The implications of the August 5th attack on Talisman Energy’s Heglig oil facilities by the Sudan People’s Liberation Army (SPLA) continue to become clearer, even as Talisman has added nothing to its account—and the Government of Sudan continues to deny any attack occurred. The oil concession areas near Heglig have recently seen several major military successes by the SPLA, even as a highly reliable source has very recently revealed that the Heglig attack damaged a Talisman helicopter on the tarmac, and that this has prompted the insurance carrier for Talisman’s helicopter company to suspend insurance coverage, citing the fact that Talisman is “operating in a war zone.” Indeed, further damage, perhaps greater and more deadly, seems distinctly likely. And as military pressure increases, Talisman’s exit from Sudan will become ever more difficult.
Eric Reeves [August 29, 2001]
Northampton, MA 01063
How likely is it that Talisman will find a Western buyer for its Sudan stake when one of its helicopters has been damaged in an attack on its central project facilities (this fact has been confirmed by multiple sources)? What does it say that Vancouver Island Helicopters, with whom Talisman has contracted for helicopter service, has lost insurance coverage because its carrier refused any longer to provide insurance in a “war zone”? How much will even the Chinese or Malaysians pay for Talisman’s 25% stake when the Western Upper Nile concession areas seem to be the site of more, and more consequential, attacks by the SPLA? (See below the most specific SPLA account to date of how the Heglig attack was conducted, including details of the weapons used.)
High-level Western government officials have indicated that Talisman has made it plain that they wish to exit Sudan, but that the Government of Sudan (GOS) is balking at allowing a sale to either Petronas (the state-owned Malaysian oil outfit) or China National Petroleum Corp (China’s state-owned oil giant). Khartoum apparently has indicated that it wishes neither Petronas nor CNPC to become a majority partner within the Greater Nile consortium (the consequence of either company picking up Talisman’s 25% stake). Khartoum is also clearly loath to give up the moral cover for its oil operations, which Talisman has been so willingly and generously supplying. Moreover, a sale by Talisman in the wake of the Heglig attack would send signals that Khartoum would find highly discomfiting. Beyond this it would be most inconvenient for the GOS: an authoritative source reports that Talisman’s helicopters have continued to ferry high-level GOS military personnel between Khartoum to Heglig, and the Gagnon/Ryle assessment report [May 2001] confirms that the Heglig airstrip continues to be used for offensive military purposes by Khartoum.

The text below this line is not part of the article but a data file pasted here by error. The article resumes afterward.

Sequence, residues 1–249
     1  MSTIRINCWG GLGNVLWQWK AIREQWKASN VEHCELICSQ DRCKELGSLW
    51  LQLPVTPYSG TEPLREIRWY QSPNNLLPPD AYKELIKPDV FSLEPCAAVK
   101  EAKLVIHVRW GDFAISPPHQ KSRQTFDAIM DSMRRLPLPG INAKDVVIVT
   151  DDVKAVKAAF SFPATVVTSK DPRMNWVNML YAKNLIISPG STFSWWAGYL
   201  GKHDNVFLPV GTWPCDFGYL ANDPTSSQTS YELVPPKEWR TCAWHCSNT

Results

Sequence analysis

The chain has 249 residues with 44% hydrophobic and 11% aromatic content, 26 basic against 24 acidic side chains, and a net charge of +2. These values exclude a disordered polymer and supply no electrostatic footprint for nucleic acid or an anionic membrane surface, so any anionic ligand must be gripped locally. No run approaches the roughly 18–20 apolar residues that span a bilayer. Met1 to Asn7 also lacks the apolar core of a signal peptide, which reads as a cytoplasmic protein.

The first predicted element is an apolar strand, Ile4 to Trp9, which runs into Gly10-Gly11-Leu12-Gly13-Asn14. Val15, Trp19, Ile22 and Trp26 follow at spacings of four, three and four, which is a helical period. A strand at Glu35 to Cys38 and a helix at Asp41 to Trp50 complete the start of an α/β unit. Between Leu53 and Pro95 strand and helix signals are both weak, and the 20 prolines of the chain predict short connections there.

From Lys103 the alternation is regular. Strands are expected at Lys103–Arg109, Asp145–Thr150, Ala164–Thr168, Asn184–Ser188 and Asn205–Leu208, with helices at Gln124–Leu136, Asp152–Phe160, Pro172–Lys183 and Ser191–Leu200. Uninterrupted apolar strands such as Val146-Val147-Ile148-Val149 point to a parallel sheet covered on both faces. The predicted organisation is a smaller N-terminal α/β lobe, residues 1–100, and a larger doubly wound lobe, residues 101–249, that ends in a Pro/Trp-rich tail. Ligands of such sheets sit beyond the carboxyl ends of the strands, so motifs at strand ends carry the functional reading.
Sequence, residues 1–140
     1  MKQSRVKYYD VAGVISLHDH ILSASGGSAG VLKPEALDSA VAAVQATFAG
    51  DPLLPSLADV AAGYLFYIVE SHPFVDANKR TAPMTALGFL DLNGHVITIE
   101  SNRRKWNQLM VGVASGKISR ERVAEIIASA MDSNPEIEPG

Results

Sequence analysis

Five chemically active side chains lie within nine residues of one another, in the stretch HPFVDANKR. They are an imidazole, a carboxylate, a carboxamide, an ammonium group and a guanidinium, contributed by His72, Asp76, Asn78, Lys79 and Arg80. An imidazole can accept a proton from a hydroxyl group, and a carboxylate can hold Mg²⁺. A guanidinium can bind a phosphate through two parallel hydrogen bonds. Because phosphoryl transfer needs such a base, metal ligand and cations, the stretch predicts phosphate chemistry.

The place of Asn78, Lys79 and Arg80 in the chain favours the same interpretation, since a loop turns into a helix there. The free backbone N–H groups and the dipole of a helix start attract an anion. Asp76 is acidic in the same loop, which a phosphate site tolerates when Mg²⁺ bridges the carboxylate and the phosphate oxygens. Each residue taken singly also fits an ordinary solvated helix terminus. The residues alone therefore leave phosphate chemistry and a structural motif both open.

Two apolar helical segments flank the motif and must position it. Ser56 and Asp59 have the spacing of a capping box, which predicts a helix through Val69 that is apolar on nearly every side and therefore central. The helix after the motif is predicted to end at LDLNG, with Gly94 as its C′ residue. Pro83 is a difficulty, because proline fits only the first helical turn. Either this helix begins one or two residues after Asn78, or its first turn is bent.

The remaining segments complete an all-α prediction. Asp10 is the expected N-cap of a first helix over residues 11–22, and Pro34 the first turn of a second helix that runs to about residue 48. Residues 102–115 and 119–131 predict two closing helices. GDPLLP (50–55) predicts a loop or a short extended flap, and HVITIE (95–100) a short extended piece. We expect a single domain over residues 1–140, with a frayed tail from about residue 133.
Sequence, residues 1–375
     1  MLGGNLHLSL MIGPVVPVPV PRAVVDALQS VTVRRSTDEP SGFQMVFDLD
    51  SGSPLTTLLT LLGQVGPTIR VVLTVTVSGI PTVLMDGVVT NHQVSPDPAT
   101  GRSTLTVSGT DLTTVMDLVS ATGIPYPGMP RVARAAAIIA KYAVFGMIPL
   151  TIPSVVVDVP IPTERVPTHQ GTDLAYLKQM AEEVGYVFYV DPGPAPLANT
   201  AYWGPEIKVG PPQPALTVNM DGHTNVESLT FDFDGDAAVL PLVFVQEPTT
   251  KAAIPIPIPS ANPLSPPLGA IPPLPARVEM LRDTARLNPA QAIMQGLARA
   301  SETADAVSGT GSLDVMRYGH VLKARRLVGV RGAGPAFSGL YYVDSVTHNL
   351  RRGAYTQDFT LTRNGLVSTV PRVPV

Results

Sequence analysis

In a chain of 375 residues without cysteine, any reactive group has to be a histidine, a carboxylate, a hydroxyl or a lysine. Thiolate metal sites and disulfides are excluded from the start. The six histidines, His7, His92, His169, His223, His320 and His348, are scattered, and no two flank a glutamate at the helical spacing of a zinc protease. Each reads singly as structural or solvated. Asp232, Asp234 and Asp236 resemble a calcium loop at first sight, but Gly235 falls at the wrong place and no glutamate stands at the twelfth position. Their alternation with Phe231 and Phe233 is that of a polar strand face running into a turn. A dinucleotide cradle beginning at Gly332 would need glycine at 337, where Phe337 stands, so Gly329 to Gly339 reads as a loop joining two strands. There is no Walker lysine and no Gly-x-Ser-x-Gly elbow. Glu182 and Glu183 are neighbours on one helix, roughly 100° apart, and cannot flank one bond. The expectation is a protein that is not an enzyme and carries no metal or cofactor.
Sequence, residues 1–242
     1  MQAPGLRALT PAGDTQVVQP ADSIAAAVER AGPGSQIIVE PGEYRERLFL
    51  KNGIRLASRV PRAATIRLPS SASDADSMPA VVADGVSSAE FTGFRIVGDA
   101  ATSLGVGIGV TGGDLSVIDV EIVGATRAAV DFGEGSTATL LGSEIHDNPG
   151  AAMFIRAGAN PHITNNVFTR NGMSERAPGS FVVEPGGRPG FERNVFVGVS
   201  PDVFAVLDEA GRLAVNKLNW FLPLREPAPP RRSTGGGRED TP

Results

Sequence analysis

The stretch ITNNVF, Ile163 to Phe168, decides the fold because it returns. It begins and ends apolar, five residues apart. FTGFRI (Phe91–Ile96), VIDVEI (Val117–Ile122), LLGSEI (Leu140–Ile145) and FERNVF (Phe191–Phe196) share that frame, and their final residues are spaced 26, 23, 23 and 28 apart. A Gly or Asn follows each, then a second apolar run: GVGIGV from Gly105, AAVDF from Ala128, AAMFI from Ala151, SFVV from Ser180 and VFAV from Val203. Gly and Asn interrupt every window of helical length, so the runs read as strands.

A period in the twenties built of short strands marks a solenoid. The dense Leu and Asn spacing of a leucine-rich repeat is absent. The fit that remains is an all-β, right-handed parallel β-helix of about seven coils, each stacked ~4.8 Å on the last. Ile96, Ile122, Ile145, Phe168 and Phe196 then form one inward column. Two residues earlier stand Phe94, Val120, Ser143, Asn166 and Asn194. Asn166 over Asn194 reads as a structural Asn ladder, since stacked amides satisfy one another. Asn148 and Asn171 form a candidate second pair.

In short, an asset that was recently assessed at over C$1 billion is now without any imaginable Western buyers, is steadily losing value as security risks go up, and may be without even Asian or Arab buyers. All the while Talisman’s share price, pounded by relentless divestment pressures and the growing threat of US capital market sanctions, continues its highly distressed drift at under 3x cash flow for 2001. Something has to give, and the most obvious candidates are the price of Talisman’s Sudan asset—and their share price. The Sudan exit strategy that analysts and commentators have, with facile assurance, presumed to be in place would seem to be falling apart rapidly.
Just how rapidly this strategy is unraveling can be gauged in part from recent SPLA military successes in western Upper Nile province. Heglig lies just over the provincial border between southern Kordofan and western Upper Nile; but the Unity concession, the Block 4 concession, indeed the vast majority of Talisman’s concession holdings are in western Upper Nile. And the attack on Heglig was mounted by the growing SPLA forces in western Upper Nile. Morale among these SPLA forces is extremely high, and their weapons supplies have dramatically increased with recent significant captures from GOS convoys.